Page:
Then, Jayendran Gopalsami exposes biases, like groupthink and popularity bias, that stealthily skew product trajectories. Scott Sehlhorst pinpoints a frequent product management error: addressing symptoms over root causes. Meanwhile, a riveting discourse between Chad McAllister and Atif Rafiq showcases a tripartite formula for expedited innovation. Rafiq, leveraging insights from industry giants, unveils “Decision Sprint,” bridging the chasm between strategy and tangible results.
Lastly, Ciera Jaspan and Collin Green explore the “technical debt” metaphor’s human-centric origins and its implications on software engineering. Lars Jerichau challenges the trend of collaborative ideation, spotlighting studies that laud the superior results of individual brainstorming over group efforts. Additionally, Andy Budd reshapes the revered “Double Diamond” design process, presenting a version more aligned with actual project executions, emphasizing optimal design leverage.
TL; DR: SAFe® — Despised, Yet Successful?
Many in the Agile community consider the Scaled Agile Framework designed by Dean Leffingwell and Drew Jemilo as unagile, violating the Agile Manifesto and the Scrum Guide. “True agilists” would never employ SAFe® to help transition corporations to agility. SAFe® is an abomination of all essential principles of “agility.” They despise it.
Nevertheless, SAFe® has proven not only to be resilient but thriving. SAFe® has a growing market share in the corporate world and is now the agile framework of choice for many large organizations.
How come? Learn more about nine reasons for this development.
PS: I have no affiliation with SAFe® whatsoever and consider it harmful. Yet there are lessons to learn.
TL; DR: The Costs of Agile — Food for Agile Thought #407
Welcome to the 407th edition of the Food for Agile Thought newsletter, shared with 48,702 peers. This week, Matt Rickard offers invaluable leadership lessons from his aerospace design experiences; Henrik Mårtensson explores the overlooked facets of the costs of Agile, and Jeff Langr and Nick Goede remind us that true agility stems from core values, not mere practices. Also, Chris Combe delves into the complexities of performance reviews in Agile settings. Moreover, once again, our lemon tries to measure Developer productivity.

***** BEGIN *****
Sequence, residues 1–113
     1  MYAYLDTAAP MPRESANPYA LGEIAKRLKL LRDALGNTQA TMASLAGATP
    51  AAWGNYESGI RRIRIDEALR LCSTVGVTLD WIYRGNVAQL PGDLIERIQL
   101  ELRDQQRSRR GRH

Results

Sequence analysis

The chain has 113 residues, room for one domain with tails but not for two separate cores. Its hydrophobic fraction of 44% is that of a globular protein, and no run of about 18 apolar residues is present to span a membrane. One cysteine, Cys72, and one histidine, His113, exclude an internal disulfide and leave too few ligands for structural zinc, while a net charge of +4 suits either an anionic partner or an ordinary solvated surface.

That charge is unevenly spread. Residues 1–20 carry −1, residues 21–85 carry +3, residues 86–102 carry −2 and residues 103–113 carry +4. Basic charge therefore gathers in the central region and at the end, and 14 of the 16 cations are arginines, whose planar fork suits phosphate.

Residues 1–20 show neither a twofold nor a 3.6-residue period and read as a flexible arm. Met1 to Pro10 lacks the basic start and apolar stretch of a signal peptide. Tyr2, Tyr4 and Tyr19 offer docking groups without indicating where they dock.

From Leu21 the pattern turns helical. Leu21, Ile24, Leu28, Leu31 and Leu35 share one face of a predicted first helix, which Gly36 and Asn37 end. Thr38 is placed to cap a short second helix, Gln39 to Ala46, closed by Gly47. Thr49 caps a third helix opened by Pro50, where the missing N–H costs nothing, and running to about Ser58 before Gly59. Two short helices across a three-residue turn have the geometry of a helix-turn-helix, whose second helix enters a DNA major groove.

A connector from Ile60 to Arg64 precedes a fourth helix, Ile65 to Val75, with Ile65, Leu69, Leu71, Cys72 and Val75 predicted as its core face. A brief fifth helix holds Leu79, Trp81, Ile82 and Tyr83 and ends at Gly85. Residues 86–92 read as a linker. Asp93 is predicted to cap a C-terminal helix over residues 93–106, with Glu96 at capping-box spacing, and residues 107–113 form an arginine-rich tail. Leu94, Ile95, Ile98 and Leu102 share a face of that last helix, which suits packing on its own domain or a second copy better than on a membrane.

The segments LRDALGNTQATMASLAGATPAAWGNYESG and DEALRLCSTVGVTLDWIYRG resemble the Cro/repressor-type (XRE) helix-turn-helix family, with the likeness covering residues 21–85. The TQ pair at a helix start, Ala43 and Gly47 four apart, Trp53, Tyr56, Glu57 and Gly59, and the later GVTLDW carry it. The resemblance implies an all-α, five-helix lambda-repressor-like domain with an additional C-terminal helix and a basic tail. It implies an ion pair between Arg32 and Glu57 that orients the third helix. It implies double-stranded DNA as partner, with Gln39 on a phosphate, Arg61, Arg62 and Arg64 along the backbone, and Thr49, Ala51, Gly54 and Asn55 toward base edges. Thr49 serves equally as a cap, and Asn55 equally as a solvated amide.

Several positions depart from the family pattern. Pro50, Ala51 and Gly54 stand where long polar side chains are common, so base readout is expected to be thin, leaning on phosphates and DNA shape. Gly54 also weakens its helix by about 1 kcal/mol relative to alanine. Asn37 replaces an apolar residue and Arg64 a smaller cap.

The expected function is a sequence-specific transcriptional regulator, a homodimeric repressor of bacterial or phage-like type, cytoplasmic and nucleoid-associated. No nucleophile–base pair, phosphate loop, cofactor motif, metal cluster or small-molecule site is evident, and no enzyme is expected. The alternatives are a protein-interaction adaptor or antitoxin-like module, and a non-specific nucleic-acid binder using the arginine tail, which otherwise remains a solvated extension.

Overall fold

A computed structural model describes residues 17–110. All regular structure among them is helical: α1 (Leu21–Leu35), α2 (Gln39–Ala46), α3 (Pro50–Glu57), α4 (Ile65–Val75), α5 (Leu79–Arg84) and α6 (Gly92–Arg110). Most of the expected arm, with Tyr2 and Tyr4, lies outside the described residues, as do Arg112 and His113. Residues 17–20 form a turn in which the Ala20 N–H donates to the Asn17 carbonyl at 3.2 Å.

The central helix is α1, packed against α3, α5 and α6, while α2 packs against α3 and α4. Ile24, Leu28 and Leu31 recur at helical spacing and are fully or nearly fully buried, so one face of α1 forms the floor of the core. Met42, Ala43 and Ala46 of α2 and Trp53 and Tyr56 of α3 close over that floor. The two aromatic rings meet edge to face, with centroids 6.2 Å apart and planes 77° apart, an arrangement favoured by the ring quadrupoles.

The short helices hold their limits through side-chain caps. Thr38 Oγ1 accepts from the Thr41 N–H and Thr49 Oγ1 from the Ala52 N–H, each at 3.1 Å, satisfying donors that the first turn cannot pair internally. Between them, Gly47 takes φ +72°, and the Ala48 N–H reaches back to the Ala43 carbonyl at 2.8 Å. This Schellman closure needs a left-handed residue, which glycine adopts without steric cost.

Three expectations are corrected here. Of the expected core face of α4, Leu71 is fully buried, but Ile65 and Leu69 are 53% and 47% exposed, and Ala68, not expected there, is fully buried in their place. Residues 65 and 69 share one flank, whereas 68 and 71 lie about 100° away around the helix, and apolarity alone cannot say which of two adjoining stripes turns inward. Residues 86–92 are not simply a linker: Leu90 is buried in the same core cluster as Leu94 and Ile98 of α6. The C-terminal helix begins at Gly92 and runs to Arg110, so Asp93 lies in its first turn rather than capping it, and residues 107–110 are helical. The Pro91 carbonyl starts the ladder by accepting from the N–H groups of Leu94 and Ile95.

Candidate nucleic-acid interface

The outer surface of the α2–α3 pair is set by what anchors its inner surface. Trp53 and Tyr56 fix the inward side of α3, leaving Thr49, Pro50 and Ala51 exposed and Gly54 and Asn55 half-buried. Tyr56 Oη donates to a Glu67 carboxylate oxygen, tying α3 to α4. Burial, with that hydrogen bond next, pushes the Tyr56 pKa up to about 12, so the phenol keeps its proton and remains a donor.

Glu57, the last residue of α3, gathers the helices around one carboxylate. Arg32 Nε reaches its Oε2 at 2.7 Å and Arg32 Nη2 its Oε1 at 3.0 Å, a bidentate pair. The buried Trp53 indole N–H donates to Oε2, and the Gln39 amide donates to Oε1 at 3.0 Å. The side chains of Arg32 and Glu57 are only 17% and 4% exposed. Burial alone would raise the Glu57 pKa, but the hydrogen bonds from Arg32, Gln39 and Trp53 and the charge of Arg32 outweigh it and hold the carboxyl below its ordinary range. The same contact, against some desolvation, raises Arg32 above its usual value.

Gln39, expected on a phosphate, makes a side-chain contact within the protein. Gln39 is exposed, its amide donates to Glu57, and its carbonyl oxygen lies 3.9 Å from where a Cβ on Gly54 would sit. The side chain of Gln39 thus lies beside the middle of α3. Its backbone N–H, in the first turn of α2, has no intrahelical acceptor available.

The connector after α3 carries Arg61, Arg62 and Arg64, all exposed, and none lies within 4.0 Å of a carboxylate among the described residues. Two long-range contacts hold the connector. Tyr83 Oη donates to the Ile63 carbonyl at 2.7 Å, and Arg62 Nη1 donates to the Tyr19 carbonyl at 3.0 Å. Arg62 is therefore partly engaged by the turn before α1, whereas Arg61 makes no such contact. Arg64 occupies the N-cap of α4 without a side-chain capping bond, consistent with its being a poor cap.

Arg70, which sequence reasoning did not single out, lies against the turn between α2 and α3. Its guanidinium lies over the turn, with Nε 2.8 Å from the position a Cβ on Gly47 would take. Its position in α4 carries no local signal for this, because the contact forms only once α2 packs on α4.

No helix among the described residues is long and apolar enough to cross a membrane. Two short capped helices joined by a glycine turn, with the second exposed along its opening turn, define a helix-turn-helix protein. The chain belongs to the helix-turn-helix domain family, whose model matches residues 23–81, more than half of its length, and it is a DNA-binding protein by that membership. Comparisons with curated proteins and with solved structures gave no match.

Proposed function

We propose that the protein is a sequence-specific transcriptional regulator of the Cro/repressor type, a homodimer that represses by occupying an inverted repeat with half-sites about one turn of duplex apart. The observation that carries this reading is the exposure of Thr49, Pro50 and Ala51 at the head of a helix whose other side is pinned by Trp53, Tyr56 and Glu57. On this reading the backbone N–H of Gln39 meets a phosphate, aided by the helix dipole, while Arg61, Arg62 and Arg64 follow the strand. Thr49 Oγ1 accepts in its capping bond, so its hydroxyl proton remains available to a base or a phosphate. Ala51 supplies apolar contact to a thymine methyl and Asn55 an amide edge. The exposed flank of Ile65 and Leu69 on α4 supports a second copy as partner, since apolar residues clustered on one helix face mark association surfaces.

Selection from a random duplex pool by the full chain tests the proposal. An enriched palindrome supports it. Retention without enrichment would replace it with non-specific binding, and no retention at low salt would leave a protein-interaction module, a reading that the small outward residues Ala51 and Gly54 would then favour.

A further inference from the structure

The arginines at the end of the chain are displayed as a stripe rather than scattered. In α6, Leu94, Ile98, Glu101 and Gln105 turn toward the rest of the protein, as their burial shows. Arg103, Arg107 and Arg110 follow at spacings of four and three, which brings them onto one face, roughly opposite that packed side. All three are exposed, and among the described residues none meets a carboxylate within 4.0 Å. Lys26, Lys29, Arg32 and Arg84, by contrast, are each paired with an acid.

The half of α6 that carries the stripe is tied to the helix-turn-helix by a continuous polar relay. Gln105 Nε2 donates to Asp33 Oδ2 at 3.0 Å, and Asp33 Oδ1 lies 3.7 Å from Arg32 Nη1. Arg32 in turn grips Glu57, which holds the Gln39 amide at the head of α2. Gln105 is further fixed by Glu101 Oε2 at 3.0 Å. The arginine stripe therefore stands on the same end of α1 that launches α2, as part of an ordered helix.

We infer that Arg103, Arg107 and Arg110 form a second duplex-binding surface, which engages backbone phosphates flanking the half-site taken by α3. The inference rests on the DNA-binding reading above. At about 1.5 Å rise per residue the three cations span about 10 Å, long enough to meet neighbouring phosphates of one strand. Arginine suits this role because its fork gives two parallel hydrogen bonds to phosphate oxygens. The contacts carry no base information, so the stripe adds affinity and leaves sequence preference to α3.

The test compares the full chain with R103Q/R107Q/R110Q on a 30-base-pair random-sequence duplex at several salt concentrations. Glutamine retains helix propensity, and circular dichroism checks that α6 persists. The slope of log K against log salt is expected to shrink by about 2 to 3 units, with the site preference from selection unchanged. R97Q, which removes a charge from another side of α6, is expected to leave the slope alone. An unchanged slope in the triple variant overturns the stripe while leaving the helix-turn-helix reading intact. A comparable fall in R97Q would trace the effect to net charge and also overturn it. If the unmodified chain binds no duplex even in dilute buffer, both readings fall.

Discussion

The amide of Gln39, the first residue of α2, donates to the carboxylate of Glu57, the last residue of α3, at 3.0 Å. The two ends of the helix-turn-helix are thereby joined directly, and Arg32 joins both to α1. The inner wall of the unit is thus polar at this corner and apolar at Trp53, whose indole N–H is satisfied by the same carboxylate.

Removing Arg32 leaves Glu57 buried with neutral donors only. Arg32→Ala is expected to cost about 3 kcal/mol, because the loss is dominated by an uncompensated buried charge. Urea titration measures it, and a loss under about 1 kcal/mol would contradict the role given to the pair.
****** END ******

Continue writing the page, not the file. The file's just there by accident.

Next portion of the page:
Then, Austin Yang underscores the significance of the decision-making process over mere outcomes in product management, and Marty Cagan provides a roadmap from traditional product management to empowered product teams. Meanwhile, Jeff Gothelf points out the rare yet essential cross-functional collaboration in product discovery, emphasizing the combined effort of product management, design, and engineering.
Lastly, Lenny Rachitsky and Bob Moesta dive deep into the JTBD framework, using captivating examples from Snickers and Milky Way. Also, John Davidson sheds light on the complexities of stakeholder alignment, sharing ten indispensable lessons. Meanwhile, Johanna Rothman navigates the murky waters of project estimations, presenting a variety of techniques and highlighting the unpredictability of timeframes.